to the normal mode operation. This could be due to the low
water ow rate entering the absorption system.
Compared to the test carried out in normal mode,
a higher charging power has been measured during double
mode operation (as expected). However the manufacturer
does not provide any information regarding the operation in
double mode and, therefore, it is not possible a comparison
with the measured values.
The cumulative cooling energy provided by the TDC
system (E
cool,FC
) and the cumulative thermal energy supplied
to the TDC system (E
th,TDC
) throughout the experiment are
equal to 8383.3 kJ and 167266.6 kJ, respectively; as a conse-
quence, a very low value (0.05) is obtained for the thermal
Coefcient of Performance by using Eq. (5).
In Table 3 the duration of both charging/discharging pha-
ses and swap periods is reported: as can be derived fromthis
table, the ve swaps have a duration around 6.5 min; the
discharging phase has a duration of about 13.5 min; regarding
the charging phase, the duration oscillates between 23.7 and
29.8 min.
The experiment described in Figs. 6e8 has been repeated in
order to verify its repeatability and a good agreement between
the results mentioned above and those achieved during the
repeated test has been found. The data reported above agrees
Table 2 e Duration of both charging/discharging phases and swap periods.
1st charging
phase
2nd charging
phase
3rd charging
phase
4th charging
phase
1st
swap
2nd
swap
3rd
swap
Duration
(min)
116.5 87.3 93.3 89.1 5.3 5.3 5.0
12
17
22
27
32
37
42
47
52
57
62
67
72
77
82
87
11:11 11:27 11:43 11:59 12:15 12:30 12:46 13:02 13:18 13:34 13:50 14:06 14:21 14:37 14:53 15:09 15:25 15:41
T
e
m
p
e
r
a
t
u
r
e

(

C
)

Time (hh:mm)
Text Tw,B,out Tw,TDC,out Tw,FC,in Tw,FC,out Tw,HD,in Tw,HD,out
Fig. 6 e Water temperature values measured during double mode operation.
i nt e r na t i o na l j o ur na l of r e f r i ge r a t i o n 3 6 ( 2 0 1 3 ) 7 1 7 e7 2 9 724
well also with the values recorded by the CW10 internal
software (named CWIC2).
4. Energy, economic and environmental
analysis
In order to assess the suitability of the thermally driven chiller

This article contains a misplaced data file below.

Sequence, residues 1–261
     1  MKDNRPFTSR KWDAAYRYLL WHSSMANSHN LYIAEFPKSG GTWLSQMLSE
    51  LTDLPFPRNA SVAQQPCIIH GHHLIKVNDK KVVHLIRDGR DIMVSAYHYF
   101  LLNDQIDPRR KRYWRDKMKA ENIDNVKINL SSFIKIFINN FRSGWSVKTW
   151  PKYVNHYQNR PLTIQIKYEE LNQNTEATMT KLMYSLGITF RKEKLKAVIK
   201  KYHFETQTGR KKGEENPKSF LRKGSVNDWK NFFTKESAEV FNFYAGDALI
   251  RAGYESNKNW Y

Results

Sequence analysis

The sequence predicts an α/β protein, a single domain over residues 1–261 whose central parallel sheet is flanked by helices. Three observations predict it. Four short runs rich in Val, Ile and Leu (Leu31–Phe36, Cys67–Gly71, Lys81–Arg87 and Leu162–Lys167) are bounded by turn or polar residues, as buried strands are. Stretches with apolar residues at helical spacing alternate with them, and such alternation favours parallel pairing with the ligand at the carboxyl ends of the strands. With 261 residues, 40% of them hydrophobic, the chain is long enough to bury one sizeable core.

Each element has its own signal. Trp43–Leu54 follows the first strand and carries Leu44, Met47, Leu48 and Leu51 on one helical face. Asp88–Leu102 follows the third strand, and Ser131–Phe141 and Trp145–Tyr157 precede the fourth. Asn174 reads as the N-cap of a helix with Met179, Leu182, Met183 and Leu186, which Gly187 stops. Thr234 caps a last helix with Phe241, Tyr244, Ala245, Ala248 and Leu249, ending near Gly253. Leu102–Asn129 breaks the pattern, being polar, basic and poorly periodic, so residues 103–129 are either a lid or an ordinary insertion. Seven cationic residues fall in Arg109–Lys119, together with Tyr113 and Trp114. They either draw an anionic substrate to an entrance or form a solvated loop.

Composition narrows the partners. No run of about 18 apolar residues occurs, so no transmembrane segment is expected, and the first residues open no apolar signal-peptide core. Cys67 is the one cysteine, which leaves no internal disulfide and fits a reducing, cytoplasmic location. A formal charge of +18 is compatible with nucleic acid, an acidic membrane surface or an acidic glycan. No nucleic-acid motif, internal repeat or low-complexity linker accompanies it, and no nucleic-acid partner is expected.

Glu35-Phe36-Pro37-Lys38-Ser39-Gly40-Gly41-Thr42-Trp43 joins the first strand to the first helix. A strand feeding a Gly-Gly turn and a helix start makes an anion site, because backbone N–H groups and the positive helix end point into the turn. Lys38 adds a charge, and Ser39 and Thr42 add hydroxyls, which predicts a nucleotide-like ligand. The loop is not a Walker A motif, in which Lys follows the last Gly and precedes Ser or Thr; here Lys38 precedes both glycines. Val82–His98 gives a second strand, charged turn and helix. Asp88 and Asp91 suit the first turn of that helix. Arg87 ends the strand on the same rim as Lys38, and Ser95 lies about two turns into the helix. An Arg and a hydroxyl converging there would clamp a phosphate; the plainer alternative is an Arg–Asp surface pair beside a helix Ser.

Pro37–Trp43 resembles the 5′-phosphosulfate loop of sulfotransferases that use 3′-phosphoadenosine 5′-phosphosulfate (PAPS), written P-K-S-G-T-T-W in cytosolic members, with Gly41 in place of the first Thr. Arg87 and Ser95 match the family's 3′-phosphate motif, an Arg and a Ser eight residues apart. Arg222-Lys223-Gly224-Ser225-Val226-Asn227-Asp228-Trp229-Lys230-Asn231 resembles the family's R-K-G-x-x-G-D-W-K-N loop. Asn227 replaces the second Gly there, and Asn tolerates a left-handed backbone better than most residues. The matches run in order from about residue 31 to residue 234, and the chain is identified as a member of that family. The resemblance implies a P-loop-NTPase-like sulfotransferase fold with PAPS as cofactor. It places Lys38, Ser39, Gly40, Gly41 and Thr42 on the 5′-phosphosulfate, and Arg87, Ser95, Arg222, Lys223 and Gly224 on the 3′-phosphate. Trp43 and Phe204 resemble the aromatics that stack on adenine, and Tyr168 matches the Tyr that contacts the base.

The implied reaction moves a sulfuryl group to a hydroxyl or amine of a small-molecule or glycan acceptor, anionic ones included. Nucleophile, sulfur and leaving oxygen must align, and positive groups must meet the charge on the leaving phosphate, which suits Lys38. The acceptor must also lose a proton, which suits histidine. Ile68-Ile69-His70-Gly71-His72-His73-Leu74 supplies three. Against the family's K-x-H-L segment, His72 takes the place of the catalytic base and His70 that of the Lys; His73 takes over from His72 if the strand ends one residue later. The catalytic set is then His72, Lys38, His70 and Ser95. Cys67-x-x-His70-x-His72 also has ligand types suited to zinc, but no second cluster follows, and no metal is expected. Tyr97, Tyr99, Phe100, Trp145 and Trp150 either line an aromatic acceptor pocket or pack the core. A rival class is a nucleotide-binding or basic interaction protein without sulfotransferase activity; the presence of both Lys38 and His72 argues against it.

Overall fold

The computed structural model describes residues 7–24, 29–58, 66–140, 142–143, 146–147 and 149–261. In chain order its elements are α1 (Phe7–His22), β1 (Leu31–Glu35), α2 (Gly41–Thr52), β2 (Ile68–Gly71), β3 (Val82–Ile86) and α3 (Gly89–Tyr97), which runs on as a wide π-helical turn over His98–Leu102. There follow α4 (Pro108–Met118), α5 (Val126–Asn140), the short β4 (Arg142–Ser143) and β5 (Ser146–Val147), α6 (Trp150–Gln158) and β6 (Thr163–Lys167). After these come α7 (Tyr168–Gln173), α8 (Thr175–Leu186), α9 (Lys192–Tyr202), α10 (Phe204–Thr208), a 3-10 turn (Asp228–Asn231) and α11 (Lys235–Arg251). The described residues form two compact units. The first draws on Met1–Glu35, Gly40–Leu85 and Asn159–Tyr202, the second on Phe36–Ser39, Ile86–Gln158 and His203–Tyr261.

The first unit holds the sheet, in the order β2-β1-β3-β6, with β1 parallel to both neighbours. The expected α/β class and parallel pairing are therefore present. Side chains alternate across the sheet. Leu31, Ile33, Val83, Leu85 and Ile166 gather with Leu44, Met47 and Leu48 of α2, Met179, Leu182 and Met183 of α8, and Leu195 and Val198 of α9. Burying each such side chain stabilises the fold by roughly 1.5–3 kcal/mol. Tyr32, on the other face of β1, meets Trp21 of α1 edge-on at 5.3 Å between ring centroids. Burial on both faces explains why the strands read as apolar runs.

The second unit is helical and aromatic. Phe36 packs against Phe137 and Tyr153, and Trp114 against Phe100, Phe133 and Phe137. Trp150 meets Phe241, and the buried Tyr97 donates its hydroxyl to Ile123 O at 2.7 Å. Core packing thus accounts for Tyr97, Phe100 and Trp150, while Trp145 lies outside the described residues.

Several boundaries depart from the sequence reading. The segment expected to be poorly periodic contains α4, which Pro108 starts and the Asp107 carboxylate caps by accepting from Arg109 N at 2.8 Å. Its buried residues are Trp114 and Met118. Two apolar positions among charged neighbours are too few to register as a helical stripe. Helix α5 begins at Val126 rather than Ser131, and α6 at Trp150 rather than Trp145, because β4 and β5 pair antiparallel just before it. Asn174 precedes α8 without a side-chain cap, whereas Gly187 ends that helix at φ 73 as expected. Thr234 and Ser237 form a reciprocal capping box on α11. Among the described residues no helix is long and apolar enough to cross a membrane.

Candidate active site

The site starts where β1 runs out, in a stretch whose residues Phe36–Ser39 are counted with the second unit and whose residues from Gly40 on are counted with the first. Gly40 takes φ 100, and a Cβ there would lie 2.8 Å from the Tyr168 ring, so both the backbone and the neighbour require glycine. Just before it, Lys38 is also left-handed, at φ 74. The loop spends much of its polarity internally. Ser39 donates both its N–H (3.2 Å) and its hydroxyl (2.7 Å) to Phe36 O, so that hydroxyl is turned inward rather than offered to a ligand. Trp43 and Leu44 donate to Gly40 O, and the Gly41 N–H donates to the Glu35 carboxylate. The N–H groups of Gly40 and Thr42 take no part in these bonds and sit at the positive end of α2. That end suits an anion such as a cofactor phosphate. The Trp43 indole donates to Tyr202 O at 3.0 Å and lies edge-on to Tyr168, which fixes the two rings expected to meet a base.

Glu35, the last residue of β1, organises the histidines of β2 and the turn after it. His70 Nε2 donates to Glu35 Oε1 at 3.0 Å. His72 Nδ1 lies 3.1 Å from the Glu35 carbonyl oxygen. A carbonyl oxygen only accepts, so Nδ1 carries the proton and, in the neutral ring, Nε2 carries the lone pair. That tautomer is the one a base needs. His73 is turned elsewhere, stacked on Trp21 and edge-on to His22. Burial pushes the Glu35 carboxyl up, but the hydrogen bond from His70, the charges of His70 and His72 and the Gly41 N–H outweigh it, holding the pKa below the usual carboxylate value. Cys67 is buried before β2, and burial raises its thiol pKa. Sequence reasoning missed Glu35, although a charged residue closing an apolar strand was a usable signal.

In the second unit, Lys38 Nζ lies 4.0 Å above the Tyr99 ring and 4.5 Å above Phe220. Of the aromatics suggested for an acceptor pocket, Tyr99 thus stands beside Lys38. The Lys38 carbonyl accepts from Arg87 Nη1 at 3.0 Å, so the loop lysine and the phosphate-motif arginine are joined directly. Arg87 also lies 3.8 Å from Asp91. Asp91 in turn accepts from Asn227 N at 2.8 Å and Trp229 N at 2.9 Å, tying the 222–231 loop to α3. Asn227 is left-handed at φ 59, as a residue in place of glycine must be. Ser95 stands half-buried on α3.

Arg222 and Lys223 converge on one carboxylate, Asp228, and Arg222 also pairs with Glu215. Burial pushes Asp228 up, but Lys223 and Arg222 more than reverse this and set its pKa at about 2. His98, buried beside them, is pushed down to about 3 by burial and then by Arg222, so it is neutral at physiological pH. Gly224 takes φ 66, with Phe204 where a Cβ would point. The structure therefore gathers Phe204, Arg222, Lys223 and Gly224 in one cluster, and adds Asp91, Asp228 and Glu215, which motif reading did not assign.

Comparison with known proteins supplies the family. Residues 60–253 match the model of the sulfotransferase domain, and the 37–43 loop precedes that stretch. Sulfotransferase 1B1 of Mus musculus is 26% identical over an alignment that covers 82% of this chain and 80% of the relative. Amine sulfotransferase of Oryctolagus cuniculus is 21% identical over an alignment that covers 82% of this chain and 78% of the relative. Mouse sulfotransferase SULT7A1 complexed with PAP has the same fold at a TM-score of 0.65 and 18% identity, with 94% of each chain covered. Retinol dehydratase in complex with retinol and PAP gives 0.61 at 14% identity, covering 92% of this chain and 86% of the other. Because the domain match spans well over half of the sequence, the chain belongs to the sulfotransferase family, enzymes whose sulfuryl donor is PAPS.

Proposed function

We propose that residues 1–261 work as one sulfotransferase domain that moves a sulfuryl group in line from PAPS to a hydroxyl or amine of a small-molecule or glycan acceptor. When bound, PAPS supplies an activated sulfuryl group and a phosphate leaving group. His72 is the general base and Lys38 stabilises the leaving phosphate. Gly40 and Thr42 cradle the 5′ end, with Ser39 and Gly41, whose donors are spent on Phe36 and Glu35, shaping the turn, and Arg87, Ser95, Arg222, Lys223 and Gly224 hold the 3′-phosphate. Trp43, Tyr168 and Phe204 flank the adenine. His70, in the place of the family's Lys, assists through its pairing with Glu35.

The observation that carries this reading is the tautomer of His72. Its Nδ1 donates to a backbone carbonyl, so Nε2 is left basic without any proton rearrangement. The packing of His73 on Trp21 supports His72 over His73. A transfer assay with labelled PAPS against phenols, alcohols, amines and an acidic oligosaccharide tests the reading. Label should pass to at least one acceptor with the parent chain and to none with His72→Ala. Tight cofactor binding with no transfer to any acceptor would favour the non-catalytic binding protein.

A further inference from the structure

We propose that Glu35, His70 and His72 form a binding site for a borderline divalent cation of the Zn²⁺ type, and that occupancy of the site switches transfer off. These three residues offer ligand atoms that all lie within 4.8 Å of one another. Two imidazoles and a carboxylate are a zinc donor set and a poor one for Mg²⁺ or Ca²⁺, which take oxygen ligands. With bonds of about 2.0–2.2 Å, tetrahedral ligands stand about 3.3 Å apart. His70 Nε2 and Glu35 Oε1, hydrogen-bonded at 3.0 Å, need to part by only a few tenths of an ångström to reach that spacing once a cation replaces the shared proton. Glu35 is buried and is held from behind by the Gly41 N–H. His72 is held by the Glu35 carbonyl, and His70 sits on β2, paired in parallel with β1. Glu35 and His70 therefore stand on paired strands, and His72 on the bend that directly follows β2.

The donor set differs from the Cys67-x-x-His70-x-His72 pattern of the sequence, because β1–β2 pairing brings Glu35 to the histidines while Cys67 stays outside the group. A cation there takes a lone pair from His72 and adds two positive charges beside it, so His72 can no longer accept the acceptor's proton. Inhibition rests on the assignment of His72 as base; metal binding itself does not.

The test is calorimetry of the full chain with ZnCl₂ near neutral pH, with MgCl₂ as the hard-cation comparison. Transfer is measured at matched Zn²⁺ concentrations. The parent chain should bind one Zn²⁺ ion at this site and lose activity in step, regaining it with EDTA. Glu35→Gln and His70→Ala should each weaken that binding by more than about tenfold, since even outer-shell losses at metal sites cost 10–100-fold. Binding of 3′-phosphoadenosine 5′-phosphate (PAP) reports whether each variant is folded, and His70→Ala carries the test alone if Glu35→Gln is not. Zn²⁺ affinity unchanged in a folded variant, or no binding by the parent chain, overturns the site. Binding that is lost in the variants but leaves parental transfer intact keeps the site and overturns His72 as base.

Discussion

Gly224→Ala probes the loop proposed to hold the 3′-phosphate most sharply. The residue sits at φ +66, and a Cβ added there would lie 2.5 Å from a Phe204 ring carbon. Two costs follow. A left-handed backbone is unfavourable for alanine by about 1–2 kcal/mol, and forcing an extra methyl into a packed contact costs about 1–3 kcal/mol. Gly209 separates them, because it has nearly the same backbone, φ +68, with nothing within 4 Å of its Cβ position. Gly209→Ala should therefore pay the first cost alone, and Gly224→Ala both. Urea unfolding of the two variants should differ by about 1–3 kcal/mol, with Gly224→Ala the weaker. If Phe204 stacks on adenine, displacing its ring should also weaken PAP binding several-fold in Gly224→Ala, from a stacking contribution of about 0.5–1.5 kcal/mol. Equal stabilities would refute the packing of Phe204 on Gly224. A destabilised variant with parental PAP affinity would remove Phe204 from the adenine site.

experimentally investigated in this paper, in the following its
measured performances are compared with those of an
electrically driven vapor compression chiller (EDC) from an
energy, economic and environmental point of view. The
comparison is performed by assuming that:
UTDC operates with the same water temperature and mass
ow rates measured during the experiments;
Uthermal energy required by TDC is supplied by solar
collectors with the auxiliary thermal energy, required in
case of scarce solar irradiation, provided by a natural gas-
red boiler.
60
64
68
72
76
80
84
88
92
96
100
11:11 11:27 11:43 11:59 12:15 12:30 12:46 13:02 13:18 13:34 13:50 14:06 14:21 14:37 14:53 15:09 15:25 15:41
B
a
r
r
e
l

l
e
v
e
l

(
%
)

Time (hh:mm)
Barrel A level
Barrel B level
V
w,TDC
= V
w,FC
= 14.4 l min
-1
V
w,HD
= 22.8 l min
-1
Fig. 7 e Volumetric water ow rates and barrel level during double mode operation.
0.0
0.2
0.4
0.6
0.8
1.0
1.2
1.4
1.6
1.8
2.0
2.2
2.4
2.6
2.8
3.0
3.2
0
2
4
6
8
10
12
14
16
18
20
22
24
26
28
30
32
34
36
11:11 11:27 11:43 11:59 12:15 12:30 12:46 13:02 13:18 13:34 13:50 14:06 14:21 14:37 14:53 15:09 15:25 15:41
P
c
o
o
l
,
F
C
(
k
W
)
P
t
h
,
T
D
C
(
k
W
)
Time (hh:mm)
Pth,TDC Pcool,FC
Fig. 8 e P
th,TDC
and P
cool,FC
values measured during double mode operation.
i nt e r na t i ona l j o ur na l o f r e f r i g e r a t i o n 3 6 ( 2 0 1 3 ) 7 1 7 e7 2 9 725
Due to the poor performance of CW10 during double
mode operation, the following analysis will be limited to the
experimental data gathered during normal mode operation.
In order to compare TDC with EDC from an energy point of